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Photoshop is the world’s most powerful image editor, and it’s arguably the most complex, as well. Fortunately, nobody knows the program like award-winning book and video author Deke McClelland. Join Deke as he explores such indispensable Photoshop features as resolution, cropping, color correction, retouching, and layers. Gain expertise with real-world projects that make sense. Exercise files accompany the course.
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I'm still working inside Flipped original.psd for the simple reason that it's not going to do you any good for me to provide you with a catch-up file here because we are midway into a technique that's going to require the History Brush. Notice here inside the History panel, if I bring it up, that I had open the image at the Flipped original state. So, I only have two states here which is Open and Healing Brush and that's it which is just fine. So, I'm going to reduce the size of my panel a little bit, we don't need it to be that big. And I'm going to switch over to my History Brush, which I can do by pressing the Y key.
Mode is Normal, Opacity 100%, everyone set to their default settings. So, I'm going to increase the size of my brush and I do have a blurry brush that's good. And I'm going to paint away this region right here. And I want to make sure that I don't get so close that I start revealing the red of the scar. Notice that's where the scar begins right at that location and we'll come back to that in a moment, and then I'll paint over into the base of the face, right there into the cheek. And that way I've gone ahead and reveal the entire side of her face so I have all that shading which previously if I press Control+Z, Command+Z on the Mac I had lost.
The shading provided by the Healing Brush doesn't match. All right! So I'll press Control+Z, Command+Z on the Mac to redo that modification. I'm going to paint in here to make sure I'm retaining as much information from the original girl as possible, because you always want to heal as little as you can. All right! I'm going to zoom in to this location. By the way if you got too far, a few History Brush into the scar like that, then you can always source the Healing Brush state by clicking in front of it here in the History panel and then brush that right back in like so. So, you can go back-and-forth.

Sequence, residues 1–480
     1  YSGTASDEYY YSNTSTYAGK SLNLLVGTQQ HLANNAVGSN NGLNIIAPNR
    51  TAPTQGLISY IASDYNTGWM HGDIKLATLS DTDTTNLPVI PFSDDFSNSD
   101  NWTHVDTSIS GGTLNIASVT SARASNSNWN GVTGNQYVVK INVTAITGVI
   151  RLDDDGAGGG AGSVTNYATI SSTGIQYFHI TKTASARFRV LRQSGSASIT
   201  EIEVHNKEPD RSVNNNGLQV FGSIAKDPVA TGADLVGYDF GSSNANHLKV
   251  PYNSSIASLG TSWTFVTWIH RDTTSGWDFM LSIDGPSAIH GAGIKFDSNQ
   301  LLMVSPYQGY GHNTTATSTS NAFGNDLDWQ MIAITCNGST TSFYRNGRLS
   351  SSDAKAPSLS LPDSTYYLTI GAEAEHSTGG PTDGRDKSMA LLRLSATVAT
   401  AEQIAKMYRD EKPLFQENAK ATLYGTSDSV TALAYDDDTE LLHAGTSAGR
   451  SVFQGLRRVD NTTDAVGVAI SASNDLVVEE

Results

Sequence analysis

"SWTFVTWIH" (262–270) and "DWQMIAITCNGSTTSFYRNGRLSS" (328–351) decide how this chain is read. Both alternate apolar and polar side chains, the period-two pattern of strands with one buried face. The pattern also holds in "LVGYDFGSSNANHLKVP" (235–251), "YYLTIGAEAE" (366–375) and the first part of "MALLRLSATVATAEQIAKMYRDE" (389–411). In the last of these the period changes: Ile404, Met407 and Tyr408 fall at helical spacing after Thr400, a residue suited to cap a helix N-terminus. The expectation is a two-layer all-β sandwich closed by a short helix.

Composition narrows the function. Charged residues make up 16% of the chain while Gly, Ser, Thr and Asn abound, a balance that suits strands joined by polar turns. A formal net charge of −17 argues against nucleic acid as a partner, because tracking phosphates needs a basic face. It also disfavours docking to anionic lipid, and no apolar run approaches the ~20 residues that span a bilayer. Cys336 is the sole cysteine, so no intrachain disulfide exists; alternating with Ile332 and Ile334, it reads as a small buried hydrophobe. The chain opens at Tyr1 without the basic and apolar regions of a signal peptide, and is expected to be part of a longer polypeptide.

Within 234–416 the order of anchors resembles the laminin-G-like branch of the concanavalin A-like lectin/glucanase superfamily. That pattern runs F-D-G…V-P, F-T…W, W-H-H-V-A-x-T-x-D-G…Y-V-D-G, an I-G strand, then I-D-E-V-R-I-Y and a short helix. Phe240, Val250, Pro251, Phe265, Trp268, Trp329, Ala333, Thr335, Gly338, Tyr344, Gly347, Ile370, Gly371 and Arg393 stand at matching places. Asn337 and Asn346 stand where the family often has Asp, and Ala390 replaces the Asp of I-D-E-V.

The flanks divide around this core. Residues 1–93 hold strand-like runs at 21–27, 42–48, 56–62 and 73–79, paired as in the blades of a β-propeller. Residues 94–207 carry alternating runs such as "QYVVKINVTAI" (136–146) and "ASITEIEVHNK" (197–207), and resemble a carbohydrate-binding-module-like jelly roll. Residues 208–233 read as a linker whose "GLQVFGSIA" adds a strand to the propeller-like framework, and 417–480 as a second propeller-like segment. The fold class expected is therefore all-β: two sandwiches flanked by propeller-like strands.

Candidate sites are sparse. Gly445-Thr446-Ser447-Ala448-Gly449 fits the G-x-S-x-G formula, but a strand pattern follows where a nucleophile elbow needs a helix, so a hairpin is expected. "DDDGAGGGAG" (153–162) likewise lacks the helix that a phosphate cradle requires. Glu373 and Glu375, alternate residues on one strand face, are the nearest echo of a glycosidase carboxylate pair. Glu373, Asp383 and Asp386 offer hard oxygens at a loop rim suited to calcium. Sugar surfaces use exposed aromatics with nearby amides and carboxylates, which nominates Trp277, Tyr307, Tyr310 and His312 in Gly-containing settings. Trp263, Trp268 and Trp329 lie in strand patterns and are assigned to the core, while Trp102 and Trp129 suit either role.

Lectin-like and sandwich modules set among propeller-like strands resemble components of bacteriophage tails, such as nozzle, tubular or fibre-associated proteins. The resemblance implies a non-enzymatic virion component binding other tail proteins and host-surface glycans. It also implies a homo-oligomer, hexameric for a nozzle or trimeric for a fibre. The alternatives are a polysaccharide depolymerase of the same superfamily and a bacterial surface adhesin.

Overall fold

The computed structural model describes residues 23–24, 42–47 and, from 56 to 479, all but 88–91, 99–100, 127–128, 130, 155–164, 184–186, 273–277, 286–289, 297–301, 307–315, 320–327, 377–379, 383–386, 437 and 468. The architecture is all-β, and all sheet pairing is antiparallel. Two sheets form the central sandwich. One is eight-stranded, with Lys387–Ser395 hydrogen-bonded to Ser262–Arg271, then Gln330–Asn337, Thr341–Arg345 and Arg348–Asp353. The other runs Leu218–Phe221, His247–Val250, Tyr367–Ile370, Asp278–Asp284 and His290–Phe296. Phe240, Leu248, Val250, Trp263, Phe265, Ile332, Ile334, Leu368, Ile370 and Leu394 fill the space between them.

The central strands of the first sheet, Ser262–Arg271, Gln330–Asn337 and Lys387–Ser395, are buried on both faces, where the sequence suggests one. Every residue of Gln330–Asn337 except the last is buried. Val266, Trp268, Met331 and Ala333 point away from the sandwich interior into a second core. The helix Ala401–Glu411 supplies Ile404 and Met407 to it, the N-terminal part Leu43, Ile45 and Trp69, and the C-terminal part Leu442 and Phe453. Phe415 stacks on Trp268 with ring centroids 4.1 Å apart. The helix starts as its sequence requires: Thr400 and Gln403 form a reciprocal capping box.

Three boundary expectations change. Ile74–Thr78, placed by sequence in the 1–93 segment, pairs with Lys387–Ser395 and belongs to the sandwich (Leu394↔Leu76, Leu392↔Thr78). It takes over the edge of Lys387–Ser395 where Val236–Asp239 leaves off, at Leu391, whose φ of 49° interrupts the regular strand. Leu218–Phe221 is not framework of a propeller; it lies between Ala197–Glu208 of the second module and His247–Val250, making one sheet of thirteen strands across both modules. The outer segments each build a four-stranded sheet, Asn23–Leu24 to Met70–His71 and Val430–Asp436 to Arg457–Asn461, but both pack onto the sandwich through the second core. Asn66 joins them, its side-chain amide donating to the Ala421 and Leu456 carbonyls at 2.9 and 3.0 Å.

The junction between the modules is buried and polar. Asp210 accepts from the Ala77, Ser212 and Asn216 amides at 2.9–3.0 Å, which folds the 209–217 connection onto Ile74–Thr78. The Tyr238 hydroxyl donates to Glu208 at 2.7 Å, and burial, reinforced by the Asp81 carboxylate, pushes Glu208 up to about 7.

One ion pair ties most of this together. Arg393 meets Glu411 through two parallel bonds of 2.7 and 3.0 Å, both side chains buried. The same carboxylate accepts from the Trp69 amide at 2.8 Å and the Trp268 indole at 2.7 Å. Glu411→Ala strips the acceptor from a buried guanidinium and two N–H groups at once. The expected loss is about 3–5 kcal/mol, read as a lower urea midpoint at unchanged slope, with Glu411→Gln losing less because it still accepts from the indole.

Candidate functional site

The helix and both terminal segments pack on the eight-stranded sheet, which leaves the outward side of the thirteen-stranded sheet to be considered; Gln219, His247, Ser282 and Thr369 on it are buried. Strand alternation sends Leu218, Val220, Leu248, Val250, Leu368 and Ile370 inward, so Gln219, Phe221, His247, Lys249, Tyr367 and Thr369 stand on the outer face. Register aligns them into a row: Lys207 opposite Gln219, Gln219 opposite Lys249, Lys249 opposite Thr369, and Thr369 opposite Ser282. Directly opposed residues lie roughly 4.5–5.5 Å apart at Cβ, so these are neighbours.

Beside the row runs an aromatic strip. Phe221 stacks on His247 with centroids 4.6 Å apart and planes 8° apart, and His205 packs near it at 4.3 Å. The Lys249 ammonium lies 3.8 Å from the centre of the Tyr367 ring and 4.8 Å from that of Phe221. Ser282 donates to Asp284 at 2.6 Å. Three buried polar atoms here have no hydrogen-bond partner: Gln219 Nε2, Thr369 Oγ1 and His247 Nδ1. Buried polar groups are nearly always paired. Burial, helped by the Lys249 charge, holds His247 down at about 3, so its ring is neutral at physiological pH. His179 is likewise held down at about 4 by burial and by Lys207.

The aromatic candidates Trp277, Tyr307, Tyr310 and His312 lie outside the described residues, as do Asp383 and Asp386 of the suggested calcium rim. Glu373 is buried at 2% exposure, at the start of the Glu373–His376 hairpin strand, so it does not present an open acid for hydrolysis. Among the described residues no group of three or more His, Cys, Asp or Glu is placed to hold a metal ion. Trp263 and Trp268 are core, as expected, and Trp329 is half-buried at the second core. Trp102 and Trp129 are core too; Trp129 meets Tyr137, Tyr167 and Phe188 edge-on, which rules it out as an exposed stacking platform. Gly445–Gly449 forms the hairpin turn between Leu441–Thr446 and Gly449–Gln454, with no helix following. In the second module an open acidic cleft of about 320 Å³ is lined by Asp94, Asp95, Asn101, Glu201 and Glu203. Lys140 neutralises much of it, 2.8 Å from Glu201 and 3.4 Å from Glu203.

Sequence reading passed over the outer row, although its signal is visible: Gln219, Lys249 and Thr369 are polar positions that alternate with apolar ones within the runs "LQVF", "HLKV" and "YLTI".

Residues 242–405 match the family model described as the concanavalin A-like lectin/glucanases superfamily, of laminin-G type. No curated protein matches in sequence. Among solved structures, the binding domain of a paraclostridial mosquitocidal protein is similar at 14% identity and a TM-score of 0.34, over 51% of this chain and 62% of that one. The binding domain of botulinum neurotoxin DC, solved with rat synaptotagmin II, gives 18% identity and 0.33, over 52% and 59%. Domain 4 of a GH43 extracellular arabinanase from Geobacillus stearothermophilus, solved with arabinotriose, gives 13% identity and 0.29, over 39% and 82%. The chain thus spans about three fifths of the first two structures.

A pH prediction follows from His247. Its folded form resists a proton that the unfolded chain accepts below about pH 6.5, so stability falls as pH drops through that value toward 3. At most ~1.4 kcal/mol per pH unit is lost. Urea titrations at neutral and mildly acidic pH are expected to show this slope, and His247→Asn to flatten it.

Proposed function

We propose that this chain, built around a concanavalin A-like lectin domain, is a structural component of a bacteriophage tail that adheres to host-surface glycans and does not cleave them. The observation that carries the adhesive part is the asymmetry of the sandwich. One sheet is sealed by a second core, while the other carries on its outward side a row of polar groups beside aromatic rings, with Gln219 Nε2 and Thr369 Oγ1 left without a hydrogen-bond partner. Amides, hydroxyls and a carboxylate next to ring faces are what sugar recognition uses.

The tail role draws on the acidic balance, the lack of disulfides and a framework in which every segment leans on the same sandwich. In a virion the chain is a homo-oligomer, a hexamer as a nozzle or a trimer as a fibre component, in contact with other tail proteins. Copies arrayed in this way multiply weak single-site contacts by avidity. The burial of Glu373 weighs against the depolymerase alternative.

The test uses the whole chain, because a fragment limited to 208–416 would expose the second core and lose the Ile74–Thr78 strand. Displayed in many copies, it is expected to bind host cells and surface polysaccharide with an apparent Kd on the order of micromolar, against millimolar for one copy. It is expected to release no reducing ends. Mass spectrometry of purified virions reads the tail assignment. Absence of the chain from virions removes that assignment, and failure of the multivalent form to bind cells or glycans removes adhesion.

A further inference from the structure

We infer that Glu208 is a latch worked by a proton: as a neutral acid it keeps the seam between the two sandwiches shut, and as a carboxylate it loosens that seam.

It's almost like working with the layer mask except you're working inside the History panel instead. All right! Let's reduce the size of the cursor at this point. Now, I'm not sure if anybody is going to really notice this. Somebody is going to say hey, that kid has got a little bit of red on the side over there, but I still want to try to get rid of it if I can, and so I'm going to see if I can paint back in that Healing Brush state with any degree of success. And as soon as I paint that in, it's awfully darn bright as you can see, way too bright for its surroundings. So, I'll go ahead and undo that modification and you know what I'm not sure exactly what to do at this point.
I'm kind of free form in here so I'm going to try something. I'm going to extend the size of my History panel a little more, so I can see what I'm doing. And I'm going to try yet another application of the History Brush. This time still aligned as it was before, but I'm going to reduce the size of my brush dramatically and just click right there and see what happens, and that's not doing it for me. What I was hoping is that it would look around the perimeter of that cursor and come up with a better match in that, but it doesn't.However, I don't want to quite lose that source for my Healing Brush, so I'm going to go back to my Clone Source panel, and I'm going to click on a different source.
If you click on this second icon right there you will have a clean source to work from and your original source will still be stored. Notice that Flipped original.psd: layer 1 rotated 23 degrees. You can come back to it if you want to. So, I'll click on the second one, close the Clone Source panel, bring back up History so I can keep track of it. And I'm going to try Alt+Clicking or Option+Clicking right there, let's say, and then moving up a little bit and you know what? I bet I can rotate that in a place. So I'll bring back up my Clone Source panel, I'll click inside Rotate.
And this time I need to perform a clockwise rotation so I'm going to press Shift+Up Arrow maybe four times in order to raise that value to 4 degrees and I'll click and that works out pretty darn nicely. And if it's slightly off which it may be, I'd turn off the Aligned checkbox just wanting you to when you turn it on and off. Undo that modification, just scoop my cursor in a little bit to make sure that I get them better match like so. And that's going to be my modification folks, or is it. Now, I'm looking at this thinking this region is too bright, you know what? That's why we have the Burn tool.
So I'll go ahead and switch to the Burn tool, I've very low exposure value of 10%. That's good. It hopefully I have a blurry brush which I do and so I'm going to reduce the size of my brush a little bit and paint over that area like so, and I would say that looks pretty darn good, maybe click it second time. All right! That, I believe is my modification folks. Go ahead and close that Clone Source panel. So remember where you can heal between different layers, you can hopefully flip and definitely rotate your source from the Clone Source panel here, and you can set multiple sources as well if you need to switch back-and-forth between sources inside of a complex project, and that is the power of retouching here inside Photoshop.
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